• Demonstrate standard and informal techniques for communicating information.
  • Develop teamwork and leadership skills to collaborate in response to dynamic situations.


To ensure personalised attention and effective learning outcomes, enrolment for the Tactical Commanders Course is limited. Interested close protection officers are encouraged to register early to contact us for further information.

For more information about the Tactical Commanders Course for Close Protection Officers, please visit Tactical Commander Training or contact Craig Smith.

ACT Awareness will provide nationally recognised corporate counter terrorism guidance to help people better understand, and mitigate against, current terrorist methodology.

The following eLearning modules are available:

  • Introduction to terrorism
  • Identifying security vulnerabilities
  • How to identify and respond to suspicious behaviour
  • How to Identify and Deal with a Suspicious Item
  • What to do in the Event of a Bomb Threat
  • How to Respond to a Firearms or Weapons attack

See, Check and Notify (SCaN) aims to help businesses and organisations maximise safety and security using their existing resources. Your people are your biggest advantage in preventing and tackling a range of threats, including criminal activity, unlawful protest, and terrorism.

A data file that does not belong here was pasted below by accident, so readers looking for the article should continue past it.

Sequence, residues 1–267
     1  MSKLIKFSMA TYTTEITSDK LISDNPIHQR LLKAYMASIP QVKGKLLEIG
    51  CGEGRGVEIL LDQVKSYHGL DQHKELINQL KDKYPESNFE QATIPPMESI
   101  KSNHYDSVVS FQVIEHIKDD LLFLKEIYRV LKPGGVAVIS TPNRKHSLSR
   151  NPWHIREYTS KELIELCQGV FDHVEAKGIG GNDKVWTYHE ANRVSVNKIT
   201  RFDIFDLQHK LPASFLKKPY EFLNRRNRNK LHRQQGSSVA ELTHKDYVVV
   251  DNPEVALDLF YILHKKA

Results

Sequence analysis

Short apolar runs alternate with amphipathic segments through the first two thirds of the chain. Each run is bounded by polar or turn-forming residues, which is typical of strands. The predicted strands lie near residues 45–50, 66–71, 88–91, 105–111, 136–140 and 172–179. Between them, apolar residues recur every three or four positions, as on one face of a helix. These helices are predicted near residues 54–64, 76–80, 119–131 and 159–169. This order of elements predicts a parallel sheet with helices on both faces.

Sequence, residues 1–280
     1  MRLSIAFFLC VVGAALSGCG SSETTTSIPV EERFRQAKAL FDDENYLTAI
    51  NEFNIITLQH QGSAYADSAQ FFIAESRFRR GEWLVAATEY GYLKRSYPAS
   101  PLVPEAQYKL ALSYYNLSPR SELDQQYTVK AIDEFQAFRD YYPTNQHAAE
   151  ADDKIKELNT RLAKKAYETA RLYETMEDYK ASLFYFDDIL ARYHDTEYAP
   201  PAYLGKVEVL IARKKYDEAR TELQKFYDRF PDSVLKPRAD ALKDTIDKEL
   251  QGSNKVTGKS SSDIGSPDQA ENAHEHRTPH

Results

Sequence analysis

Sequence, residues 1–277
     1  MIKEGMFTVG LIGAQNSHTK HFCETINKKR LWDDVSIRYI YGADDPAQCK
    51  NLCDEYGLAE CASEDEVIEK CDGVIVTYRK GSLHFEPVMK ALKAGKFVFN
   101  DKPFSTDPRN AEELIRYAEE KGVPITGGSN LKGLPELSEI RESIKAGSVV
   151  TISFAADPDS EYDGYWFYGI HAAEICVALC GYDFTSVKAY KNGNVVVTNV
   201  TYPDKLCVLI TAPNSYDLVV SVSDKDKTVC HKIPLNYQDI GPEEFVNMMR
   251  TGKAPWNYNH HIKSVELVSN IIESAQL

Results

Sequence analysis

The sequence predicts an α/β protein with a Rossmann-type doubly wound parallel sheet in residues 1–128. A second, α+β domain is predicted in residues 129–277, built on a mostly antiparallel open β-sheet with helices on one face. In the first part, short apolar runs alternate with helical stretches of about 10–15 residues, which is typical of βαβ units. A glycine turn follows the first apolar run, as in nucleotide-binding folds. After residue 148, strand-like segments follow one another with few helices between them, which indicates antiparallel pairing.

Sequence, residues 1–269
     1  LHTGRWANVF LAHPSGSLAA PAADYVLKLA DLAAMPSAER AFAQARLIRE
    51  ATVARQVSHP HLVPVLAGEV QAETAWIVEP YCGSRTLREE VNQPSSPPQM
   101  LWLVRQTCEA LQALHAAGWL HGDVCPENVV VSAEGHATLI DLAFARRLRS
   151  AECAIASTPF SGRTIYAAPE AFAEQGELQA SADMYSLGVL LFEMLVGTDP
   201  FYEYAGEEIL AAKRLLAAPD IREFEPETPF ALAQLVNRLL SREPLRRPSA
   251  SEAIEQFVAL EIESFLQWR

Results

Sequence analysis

SCaN training empowers your staff to correctly identify suspicious activity and know what to do when they encounter it. The skills your staff learn will also help them to provide an enhanced customer experience. It helps ensure that individuals or groups seeking to cause your organisation harm are unable to get the information they need to plan their actions.

See – Be aware of what’s happening around you and trust your instincts. If it doesn’t feel right, it probably isn’t.

Check – You can make a real difference through vigilance and good customer service. Friendly engagement and eye contact can help disrupt a hostile, while improving the customer experience. Do not underestimate the power of saying ‘Hello, can I help you?’. Your intervention may save lives.

Notify – Find out and learn your site’s security procedures. If you do not know how to report suspicious activity, ask your supervisor.

SCaN modules

SCaN is free and has 6 modules, delivered by qualified trainers.

Sign up for SCaN!

SCaN is not about spending more money on security measures or employing more security staff. It’s about making simple changes and using the resources you already have more effectively. The enhanced customer experience will benefit your organisation, and this training could be the difference between your organisation being a target or not.

For more information on SCaN, visit the National Protective Security Authority.

The challenge faced in countering terrorism is most effectively managed when planning, event management, incident response safety, security, and service are reviewed together.

Event organisers have an obligation under the Health and Safety at Work etc Act 1974 to provide a safe place for their employees to work, and for the visitors to their attractions and events.